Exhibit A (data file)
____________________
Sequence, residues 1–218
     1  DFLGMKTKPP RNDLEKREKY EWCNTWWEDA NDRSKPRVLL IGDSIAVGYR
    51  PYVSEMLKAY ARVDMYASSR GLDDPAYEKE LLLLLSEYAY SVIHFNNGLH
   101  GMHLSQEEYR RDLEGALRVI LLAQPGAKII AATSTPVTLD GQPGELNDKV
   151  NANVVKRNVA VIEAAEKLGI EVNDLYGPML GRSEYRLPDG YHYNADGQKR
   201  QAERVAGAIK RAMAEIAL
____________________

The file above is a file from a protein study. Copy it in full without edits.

Sequence, residues 1–218
     1  DFLGMKTKPP RNDLEKREKY EWCNTWWEDA NDRSKPRVLL IGDSIAVGYR
    51  PYVSEMLKAY ARVDMYASSR GLDDPAYEKE LLLLLSEYAY SVIHFNNGLH
   101  GMHLSQEEYR RDLEGALRVI LLAQPGAKII AATSTPVTLD GQPGELNDKV
   151  NANVVKRNVA VIEAAEKLGI EVNDLYGPML GRSEYRLPDG YHYNADGQKR
   201  QAERVAGAIK RAMAEIAL